The potentially deadly black lung disease has re-emerged in Australian coalmines for the first time in more than three decades.
Queensland Mines Minister Anthony Lyneham confirmed in parliament on Tuesday that three cases of pneumoconiosis - or black lung - had been reported by the state's coal industry.
The disease, caused by long-term exposure to fine airborne coal dust in areas with poor ventilation, was thought to have been wiped out in Australia.
Since 1947, X-rays and lung tests have been used to detect early signs of pneumoconiosis.
Dr Lynham said the Monash University Centre for Occupational and Environmental Health will now review current medical assessment methodologies.
Mining union CFMEU Queensland district president Stephen Smyth was incensed by the disease's return, criticising mining companies for allowing health standards to deteriorate.
Mr Smyth warned the three cases could be the tip of the iceberg and feared the regulatory system set up to monitor and detect health issues for miners had been compromised.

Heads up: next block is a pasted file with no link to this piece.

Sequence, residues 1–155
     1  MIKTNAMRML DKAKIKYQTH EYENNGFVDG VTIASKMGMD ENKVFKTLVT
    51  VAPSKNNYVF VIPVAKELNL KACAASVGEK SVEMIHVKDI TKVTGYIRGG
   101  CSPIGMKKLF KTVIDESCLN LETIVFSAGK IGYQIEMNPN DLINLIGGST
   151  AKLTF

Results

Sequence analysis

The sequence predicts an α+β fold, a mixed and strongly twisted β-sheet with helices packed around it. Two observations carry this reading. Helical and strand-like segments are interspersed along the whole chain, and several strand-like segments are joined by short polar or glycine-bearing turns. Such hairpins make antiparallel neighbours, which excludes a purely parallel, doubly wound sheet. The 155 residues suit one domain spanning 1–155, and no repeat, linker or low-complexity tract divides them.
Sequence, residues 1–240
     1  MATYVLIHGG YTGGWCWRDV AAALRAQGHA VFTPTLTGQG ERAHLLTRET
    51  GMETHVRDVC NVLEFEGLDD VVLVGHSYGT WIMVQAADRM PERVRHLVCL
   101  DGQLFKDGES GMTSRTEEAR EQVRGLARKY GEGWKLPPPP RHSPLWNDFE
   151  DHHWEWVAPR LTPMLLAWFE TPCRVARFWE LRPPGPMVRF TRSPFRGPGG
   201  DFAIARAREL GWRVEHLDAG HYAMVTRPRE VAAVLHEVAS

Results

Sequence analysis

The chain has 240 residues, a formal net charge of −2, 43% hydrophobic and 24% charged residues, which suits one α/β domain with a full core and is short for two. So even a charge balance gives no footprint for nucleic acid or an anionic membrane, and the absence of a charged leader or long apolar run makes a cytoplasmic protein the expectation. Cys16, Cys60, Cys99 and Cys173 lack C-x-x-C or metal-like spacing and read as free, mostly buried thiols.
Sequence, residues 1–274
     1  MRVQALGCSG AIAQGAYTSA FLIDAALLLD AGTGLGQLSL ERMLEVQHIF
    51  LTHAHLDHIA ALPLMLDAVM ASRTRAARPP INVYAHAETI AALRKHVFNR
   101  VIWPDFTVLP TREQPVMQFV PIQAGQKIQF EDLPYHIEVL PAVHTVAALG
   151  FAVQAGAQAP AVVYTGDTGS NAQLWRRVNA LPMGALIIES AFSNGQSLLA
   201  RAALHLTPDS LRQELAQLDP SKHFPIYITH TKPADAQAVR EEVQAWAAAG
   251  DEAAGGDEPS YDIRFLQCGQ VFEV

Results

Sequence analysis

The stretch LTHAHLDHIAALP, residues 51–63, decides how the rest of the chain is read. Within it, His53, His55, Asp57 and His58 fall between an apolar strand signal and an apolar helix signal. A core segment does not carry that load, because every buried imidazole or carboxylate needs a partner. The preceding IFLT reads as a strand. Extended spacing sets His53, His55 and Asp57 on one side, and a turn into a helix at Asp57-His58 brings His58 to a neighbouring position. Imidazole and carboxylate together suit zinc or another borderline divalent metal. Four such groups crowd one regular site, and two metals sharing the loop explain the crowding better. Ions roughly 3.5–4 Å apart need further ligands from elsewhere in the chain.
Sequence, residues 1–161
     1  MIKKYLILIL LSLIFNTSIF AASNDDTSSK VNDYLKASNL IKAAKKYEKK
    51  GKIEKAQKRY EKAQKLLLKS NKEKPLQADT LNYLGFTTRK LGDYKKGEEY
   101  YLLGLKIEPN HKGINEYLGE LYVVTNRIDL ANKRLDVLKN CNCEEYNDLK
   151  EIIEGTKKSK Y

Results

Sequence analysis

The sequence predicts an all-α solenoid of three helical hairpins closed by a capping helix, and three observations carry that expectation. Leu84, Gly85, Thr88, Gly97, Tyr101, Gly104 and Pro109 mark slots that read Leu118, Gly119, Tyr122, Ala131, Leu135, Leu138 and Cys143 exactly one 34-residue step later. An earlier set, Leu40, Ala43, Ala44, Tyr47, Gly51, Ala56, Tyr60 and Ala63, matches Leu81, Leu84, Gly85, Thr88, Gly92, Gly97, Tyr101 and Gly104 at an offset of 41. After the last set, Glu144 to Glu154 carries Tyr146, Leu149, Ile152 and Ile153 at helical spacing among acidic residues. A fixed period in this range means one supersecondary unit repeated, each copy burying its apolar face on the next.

"There is no way to judge the size of the problem affecting coalmine workers in Queensland, or for how long it has been an issue because the regulatory system has broken down and the medical specialists don't exist in Australia to deal with it," he said.
But Dr Lynham was confident the industry would work with the government to improve safety.
"I want to ensure that lung diseases such as pneumoconiosis are diagnosed early. More importantly, I want to prevent it occurring at all," he said.
Queensland Resources Council chief executive Michael Roche said he understood mine workers would be concerned, but needed to have confidence in safety measures designed to protect them.
"It's important to know if there are any problems with the medical interpretation of X-rays or if there is non-compliance in mines, and any doubts or problems need to be addressed or removed quickly and decisively," he said.